Shelton Church to help settle refugees in the lower Naugatuck Valley

SHELTON — Refugees from around the world are pouring into the United States every day — but awareness has increased in recent months with the pullout from Afghanistan and Russia’s invasion of Ukraine.

Desperate as people leave the war-torn areas and start a new life in America, a Shelton-based church is stepping up to help — one family at a time.

Huntington Congregational Church across from Huntington Green created the Valley Refugee Resettlement Project and plans to work with IRIS (Integrated Refugee and Immigrant Services) to help a refugee family relocate to the lower Naugatuck Valley.

“We all agreed that during this time we felt a responsibility to help refugees,” said Robert Margolies, Shelton resident and co-chair of the project. “There are 25 million or more refugees in the world today, and only a small percentage find safe accommodation in a host country.”

The Valley Refugee Resettlement Project is calling on volunteers to help with this process and hopes to raise approximately $15,000. Rev. Lucille Fritz, pastor at HCC since 2009, said the project would need about 30 volunteers and the church would host a public information meeting Sunday at 1:00 p.m

IRIS representatives will make the presentation on the process and requirements. IRIS helps tried refugees and immigrants build new lives, regain hope and contribute to the vitality of Connecticut communities, Fritz added.

“We hope and believe this process will foster new collaborations and friendships throughout our community,” said Margolies, a licensed clinical and school psychologist and director of the Motivation Center — a private group practice serving children and families in Shelton and Derby.

“It should be fun and engaging for those who participate and a really worthwhile cause to help families in great need,” he added.

Fritz said her desire to help IRIS began last year during the United States military withdrawal from Afghanistan.

Seeing so many desperate people fleeing and knowing that they would find a home in America, she brought up the idea of ​​donating money to the church’s Generosity Committee.

This quickly grew into an appeal to help a family relocate to the Valley region. But given the congregation’s limited size, Fritz said, the Generosity Committee must expand its search for support to make the refugee family’s dream come true.

“We agreed to go on-site to see how best to do this,” said Margolies, who took the initiative and spoke to IRIS leaders to learn how to help a refugee family.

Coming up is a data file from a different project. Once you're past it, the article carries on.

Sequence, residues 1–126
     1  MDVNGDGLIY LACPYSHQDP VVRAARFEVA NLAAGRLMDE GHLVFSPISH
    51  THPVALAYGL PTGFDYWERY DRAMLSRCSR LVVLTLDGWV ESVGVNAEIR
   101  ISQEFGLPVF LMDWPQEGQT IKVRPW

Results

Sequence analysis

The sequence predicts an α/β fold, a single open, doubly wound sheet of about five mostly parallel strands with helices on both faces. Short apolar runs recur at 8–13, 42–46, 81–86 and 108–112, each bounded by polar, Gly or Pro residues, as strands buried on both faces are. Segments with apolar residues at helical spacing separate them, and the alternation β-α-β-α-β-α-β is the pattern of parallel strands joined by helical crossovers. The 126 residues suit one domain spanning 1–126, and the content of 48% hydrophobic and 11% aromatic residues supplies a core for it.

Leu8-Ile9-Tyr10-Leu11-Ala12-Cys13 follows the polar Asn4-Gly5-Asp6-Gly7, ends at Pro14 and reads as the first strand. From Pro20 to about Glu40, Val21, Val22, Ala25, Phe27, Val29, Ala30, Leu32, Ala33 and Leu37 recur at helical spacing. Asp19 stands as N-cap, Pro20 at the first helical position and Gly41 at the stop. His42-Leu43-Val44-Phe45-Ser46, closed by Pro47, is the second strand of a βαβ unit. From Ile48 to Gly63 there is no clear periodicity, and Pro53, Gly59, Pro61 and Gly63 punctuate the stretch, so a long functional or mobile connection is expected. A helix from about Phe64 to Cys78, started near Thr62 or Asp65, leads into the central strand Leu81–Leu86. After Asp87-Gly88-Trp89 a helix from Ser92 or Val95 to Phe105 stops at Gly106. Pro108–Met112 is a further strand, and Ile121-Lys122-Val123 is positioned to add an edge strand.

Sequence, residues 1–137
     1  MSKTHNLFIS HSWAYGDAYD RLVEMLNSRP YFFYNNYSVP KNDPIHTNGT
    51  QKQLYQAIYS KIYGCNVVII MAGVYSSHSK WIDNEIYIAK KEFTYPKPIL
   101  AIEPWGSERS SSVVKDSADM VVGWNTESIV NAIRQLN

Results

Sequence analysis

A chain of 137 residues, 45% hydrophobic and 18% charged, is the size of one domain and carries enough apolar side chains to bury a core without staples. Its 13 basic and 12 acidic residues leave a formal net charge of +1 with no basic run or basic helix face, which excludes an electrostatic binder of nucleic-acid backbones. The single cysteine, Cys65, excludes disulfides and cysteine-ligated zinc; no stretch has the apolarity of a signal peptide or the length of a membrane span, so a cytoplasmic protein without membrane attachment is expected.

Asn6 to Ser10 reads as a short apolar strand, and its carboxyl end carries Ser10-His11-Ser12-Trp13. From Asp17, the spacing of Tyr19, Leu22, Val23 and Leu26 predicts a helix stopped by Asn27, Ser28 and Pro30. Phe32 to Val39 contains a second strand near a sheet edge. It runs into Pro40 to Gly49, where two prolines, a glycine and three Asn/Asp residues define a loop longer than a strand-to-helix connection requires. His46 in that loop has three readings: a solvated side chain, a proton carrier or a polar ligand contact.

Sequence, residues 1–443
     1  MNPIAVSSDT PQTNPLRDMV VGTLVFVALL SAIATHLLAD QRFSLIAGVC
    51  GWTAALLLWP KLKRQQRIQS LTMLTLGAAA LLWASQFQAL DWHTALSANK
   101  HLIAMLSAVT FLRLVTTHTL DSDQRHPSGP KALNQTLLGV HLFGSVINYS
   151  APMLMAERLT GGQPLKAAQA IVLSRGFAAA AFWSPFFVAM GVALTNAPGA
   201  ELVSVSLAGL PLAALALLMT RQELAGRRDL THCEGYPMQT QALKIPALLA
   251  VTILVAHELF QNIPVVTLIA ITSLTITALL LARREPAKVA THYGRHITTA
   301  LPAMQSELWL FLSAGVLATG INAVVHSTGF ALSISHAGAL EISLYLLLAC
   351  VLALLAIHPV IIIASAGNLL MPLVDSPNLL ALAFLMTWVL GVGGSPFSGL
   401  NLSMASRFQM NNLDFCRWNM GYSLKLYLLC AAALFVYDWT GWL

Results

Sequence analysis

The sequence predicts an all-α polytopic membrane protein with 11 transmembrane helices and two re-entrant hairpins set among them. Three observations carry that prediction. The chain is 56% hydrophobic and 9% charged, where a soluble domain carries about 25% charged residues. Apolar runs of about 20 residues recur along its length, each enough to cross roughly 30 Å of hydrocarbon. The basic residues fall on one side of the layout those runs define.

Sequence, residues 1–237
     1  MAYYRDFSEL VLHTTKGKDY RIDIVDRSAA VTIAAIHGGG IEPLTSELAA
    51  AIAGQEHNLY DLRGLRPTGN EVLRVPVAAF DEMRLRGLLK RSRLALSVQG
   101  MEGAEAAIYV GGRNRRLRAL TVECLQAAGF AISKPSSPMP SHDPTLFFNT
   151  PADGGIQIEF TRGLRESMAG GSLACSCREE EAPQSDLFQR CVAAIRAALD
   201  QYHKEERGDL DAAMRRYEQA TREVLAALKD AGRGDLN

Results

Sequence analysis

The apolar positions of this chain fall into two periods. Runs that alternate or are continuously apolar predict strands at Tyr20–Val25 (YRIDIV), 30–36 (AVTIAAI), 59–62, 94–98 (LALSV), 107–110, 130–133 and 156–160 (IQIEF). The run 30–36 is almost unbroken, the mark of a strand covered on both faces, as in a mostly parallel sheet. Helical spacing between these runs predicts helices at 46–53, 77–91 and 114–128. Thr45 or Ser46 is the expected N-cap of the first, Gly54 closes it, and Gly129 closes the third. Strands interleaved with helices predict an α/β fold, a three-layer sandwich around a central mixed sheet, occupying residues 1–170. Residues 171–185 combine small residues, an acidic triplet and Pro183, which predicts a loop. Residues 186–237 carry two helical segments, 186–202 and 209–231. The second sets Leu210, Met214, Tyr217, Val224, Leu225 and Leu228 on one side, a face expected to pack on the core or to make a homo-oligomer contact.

“It’s quite a complex process to raise a refugee family and help them support themselves, work, live in our community and become safe and happy members of our community,” Margolies added.

Margolies said IRIS explained that there is extensive screening and a long waiting list of refugees from around the world. USRAP, he said, authorizes volunteer agencies, which then work with local resettlement groups to ensure refugees can safely resettle in communities equipped with the necessary resources.

Margolies said he attended a mini-seminar with other residents who wanted to attend – and that’s where he met Richard Knoll, a former director at TEAM, Inc.

“It was late last summer, just after the American pullout from Afghanistan triggered such a large influx of refugees that I felt the need to act,” said Knoll, co-chair of the Valley Refugee Resettlement Project.

Knoll said he had already contacted both refugee agencies — IRIS in New Haven and the CT Institute in Bridgeport — but both were overwhelmed at the time.

In October, Knoll said he spoke at length with an IRIS representative, who explained their co-sponsorship model, which required 25 to 30 people and $7,000 to $10,000 to be successful.

“I started reaching out to local Rotary clubs and nonprofits,” Knoll said. “Everyone had their own concerns and agreed to help as part of their work, but couldn’t add another project. By December, IRIS was arranging Zoom meetings with several other interested parties in the Valley area, including HCC.”

Knoll said consensus was reached in February to begin a Valley project. Last month, the HCC agreed to sponsor the project after Fritz, Margolies and their church colleague Gordon Harris brought the proposal to their council.

“Each of us has identified friends and colleagues who have expressed an interest in helping,” Knoll said. “Our job will be to organize them – and recruit another 20 – into six or seven committees with different responsibilities including housing, transportation, education and basic needs.”

Responsibilities include receiving family; find and set up an apartment; connecting the family to local resources (like grocery banks and thrift stores); assistance in applying for local benefits; finding interpreters and educational programs; job seeking; Learning about the local transit system and offering rides.

“The model is a co-sponsorship model, not an adoption model,” Knoll added. “Once IRIS has certified that we have sufficient trained volunteers and resources to provide support for six months, we are eligible for deployment.

“Employment, combined with welfare and refugee assistance, will be enough to make the family economically stable within a year,” he said. “Cultural assimilation depends on the ethnic background and language skills of the family.”

Margolies said if this project is a success, the group hopes to help relocate one refugee family a year.

“We have to see how we do,” added Margolies.

For more information on IRIS, see irisct.org. Individuals interested in volunteering or making monetary donations may call Richard Knoll, 203-887-3310, or Gordon Harris, 203-605-5233.

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